Sustainability •

Make room Tesla, Ford, Toyota — Lime accepted into world-leading environmental program

Authored by Andrew Savage, VP of Sustainability and Calvin Thigpen, Director of Policy Research.

When it comes to carbon and transportation, no state policy is more rigorous and nation-leading than California.

The state’s climate leadership position stems from a long history of mitigating smog and air pollution challenges as well as its outsized share of the U.S. economy – if it were a country it would be the 5th largest economy in the world. In particular, California’s auto emissions standards provide a beacon for the rest of the nation, with more than a dozen other states following their lead for higher automobile standards.

Another groundbreaking climate program in California, which states like Oregon and Washington have emulated, is the Low Carbon Fuel Standards (LCFS) program. This program was designed to decrease the carbon intensity of California's transportation system, reduce petroleum dependency, and improve air quality. It has effectively promoted new technologies, from EVs to electric forklifts and includes companies like Tesla, Ford, and Toyota, but e-bikes and e-scooters haven’t been included in the program.

Until now.

When we saw the opportunity at Lime to create a new, industry-leading pathway under the rigorous California standard, we jumped at the opportunity.

After several years of work and diligence – and frankly improving our own business practices – we have made it through the application and validation process of the California Air Resources Board (CARB) to develop a new pathway, the first of its kind, for micromobility systems.

Lime e-bike and e-scooter trips taken by our California riders in cities big and small, like San Francisco, San Jose, Sacramento, Los Angeles, Oakland, and Tahoe, will now be eligible to earn carbon credits. These resources will be used to invest in our sustainability efforts and continue fueling our net zero transition – completing our shift to an all-electric operations fleet, strategically sourcing from lower carbon sources, and investing in a hardware team which designs our vehicles for longevity and reduced carbon.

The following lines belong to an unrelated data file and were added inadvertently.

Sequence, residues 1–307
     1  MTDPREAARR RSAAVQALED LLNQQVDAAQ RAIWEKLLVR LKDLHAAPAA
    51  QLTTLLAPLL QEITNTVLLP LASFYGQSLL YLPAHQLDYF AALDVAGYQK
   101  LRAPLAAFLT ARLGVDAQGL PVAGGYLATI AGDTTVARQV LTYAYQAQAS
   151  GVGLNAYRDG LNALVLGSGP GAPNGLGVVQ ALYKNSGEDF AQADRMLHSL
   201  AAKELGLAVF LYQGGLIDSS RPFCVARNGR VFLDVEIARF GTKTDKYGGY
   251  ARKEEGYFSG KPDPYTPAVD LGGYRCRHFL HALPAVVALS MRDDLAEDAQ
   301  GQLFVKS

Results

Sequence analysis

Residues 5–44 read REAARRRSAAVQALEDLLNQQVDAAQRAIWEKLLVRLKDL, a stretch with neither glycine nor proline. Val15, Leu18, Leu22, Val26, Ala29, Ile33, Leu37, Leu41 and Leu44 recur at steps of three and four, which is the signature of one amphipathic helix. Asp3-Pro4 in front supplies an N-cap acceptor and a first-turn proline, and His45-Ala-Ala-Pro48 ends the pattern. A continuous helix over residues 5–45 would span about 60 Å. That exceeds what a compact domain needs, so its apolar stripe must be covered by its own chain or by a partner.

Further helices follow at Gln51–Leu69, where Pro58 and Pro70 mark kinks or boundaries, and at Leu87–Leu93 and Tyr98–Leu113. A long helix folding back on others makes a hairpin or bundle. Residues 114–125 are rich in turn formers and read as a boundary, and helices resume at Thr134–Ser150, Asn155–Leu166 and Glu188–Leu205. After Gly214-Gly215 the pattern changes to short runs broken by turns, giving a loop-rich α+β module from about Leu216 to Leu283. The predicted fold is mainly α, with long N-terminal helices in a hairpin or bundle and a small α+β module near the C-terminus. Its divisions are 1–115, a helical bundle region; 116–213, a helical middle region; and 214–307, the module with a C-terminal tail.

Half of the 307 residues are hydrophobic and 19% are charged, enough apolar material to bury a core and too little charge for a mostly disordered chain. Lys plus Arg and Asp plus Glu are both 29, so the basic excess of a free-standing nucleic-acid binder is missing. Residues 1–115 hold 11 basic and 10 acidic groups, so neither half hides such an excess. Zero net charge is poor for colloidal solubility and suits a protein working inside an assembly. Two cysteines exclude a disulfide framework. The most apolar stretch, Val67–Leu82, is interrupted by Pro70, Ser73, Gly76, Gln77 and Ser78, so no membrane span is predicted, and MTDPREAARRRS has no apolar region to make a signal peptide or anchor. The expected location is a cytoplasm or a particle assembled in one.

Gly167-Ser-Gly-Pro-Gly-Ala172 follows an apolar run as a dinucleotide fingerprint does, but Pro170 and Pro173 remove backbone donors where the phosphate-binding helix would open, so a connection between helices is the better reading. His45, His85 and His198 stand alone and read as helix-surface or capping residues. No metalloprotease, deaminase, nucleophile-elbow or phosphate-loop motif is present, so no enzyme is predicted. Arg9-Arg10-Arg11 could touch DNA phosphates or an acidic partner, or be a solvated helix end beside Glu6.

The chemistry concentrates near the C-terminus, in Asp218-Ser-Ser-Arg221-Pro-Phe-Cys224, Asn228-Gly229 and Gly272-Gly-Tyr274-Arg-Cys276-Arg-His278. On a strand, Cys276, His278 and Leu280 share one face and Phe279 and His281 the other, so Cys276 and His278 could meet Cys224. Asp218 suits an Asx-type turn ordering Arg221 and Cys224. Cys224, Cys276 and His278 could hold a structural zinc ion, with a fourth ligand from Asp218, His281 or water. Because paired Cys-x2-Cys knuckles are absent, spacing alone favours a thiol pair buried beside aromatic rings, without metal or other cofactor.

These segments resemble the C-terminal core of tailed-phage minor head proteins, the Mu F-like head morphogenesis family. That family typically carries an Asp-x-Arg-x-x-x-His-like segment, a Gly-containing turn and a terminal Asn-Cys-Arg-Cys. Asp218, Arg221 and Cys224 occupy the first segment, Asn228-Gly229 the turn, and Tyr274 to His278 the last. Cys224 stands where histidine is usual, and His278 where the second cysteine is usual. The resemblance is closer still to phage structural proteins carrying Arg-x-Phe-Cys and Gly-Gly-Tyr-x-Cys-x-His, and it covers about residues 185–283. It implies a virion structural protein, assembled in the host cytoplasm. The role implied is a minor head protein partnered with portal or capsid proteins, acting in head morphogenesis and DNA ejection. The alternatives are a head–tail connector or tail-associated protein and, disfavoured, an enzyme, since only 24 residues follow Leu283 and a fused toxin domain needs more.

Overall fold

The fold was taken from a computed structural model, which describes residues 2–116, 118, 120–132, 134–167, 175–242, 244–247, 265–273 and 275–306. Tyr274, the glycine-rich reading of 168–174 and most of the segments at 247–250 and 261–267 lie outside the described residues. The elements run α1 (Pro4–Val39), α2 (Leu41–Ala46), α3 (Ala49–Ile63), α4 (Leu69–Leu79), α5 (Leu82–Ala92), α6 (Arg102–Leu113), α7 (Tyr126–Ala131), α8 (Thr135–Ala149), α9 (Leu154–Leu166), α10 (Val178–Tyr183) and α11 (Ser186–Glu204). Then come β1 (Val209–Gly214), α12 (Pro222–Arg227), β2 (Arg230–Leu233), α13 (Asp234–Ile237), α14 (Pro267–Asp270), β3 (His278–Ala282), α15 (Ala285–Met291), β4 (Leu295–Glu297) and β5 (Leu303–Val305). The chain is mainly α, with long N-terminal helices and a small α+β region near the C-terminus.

Consistent with our practice of powering all Lime shared-vehicles and all Lime warehouses on renewable energy, and doing so as close to the market we serve as possible, we’ll be buying California-based renewable energy for this program. Further, 40% of our California operations vehicle fleet is now electric for managing our shared fleet.

We’ve come a long way as an industry in 6 years, and CARB’s acceptance of Lime’s shared e-bike and e-scooter programs are a validation of that. It also comes on the heels of strong evidence globally of the carbon benefits of shared micromobility. As we shared last year, a report by Fraunhofer ISI, a leading German research institute, found our e-scooter service has an average net impact savings of 26.4g of carbon dioxide for each kilometer ridden, and our e-bikes save 10.3g per kilometer when accounting for the entire life cycle impacts of our service and the alternative modes of travel our riders would have otherwise take. And more locally, a recent study from the University of California, Davis, showed that shared micromobility in Sacramento reduced vehicle miles traveled (VMT) by 0.8 miles per trip, by replacing enough car and ridehail trips to offset operational van travel.

Lime now plans to take its completed CARB pathway to established programs in Oregon and Washington. Meanwhile, other states, including a regional east coast initiative, Transportation & Climate Initiative Program (TCI-P), seek to similarly reduce harmful air pollution and invest in clean mobility options across the jurisdictions.

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